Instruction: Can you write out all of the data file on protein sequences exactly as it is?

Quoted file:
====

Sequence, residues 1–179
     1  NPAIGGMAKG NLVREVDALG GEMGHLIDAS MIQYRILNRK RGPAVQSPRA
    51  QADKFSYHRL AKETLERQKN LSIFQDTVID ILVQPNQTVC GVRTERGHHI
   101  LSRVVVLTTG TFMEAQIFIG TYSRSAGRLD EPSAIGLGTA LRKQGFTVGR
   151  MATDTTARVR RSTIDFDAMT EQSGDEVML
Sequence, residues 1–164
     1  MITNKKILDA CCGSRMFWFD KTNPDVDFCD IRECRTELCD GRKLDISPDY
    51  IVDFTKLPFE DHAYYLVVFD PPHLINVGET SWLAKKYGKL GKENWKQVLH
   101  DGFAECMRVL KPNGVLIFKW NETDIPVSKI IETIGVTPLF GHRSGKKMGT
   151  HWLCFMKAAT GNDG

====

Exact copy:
Sequence, residues 1–179
     1  NPAIGGMAKG NLVREVDALG GEMGHLIDAS MIQYRILNRK RGPAVQSPRA
    51  QADKFSYHRL AKETLERQKN LSIFQDTVID ILVQPNQTVC GVRTERGHHI
   101  LSRVVVLTTG TFMEAQIFIG TYSRSAGRLD EPSAIGLGTA LRKQGFTVGR
   151  MATDTTARVR RSTIDFDAMT EQSGDEVML
Sequence, residues 1–164
     1  MITNKKILDA CCGSRMFWFD KTNPDVDFCD IRECRTELCD GRKLDISPDY
    51  IVDFTKLPFE DHAYYLVVFD PPHLINVGET SWLAKKYGKL GKENWKQVLH
   101  DGFAECMRVL KPNGVLIFKW NETDIPVSKI IETIGVTPLF GHRSGKKMGT
   151  HWLCFMKAAT GNDG